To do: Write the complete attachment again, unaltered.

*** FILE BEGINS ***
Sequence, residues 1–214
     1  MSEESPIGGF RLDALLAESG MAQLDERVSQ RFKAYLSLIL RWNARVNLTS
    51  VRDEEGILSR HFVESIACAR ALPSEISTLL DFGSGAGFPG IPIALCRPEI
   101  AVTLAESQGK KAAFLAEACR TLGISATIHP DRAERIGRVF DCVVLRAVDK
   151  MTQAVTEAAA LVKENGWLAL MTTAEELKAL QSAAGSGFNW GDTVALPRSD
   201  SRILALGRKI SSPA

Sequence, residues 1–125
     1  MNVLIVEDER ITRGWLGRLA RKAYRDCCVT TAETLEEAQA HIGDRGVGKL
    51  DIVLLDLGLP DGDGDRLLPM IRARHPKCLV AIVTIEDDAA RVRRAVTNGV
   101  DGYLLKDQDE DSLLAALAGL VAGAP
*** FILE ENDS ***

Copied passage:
Sequence, residues 1–214
     1  MSEESPIGGF RLDALLAESG MAQLDERVSQ RFKAYLSLIL RWNARVNLTS
    51  VRDEEGILSR HFVESIACAR ALPSEISTLL DFGSGAGFPG IPIALCRPEI
   101  AVTLAESQGK KAAFLAEACR TLGISATIHP DRAERIGRVF DCVVLRAVDK
   151  MTQAVTEAAA LVKENGWLAL MTTAEELKAL QSAAGSGFNW GDTVALPRSD
   201  SRILALGRKI SSPA

Sequence, residues 1–125
     1  MNVLIVEDER ITRGWLGRLA RKAYRDCCVT TAETLEEAQA HIGDRGVGKL
    51  DIVLLDLGLP DGDGDRLLPM IRARHPKCLV AIVTIEDDAA RVRRAVTNGV
   101  DGYLLKDQDE DSLLAALAGL VAGAP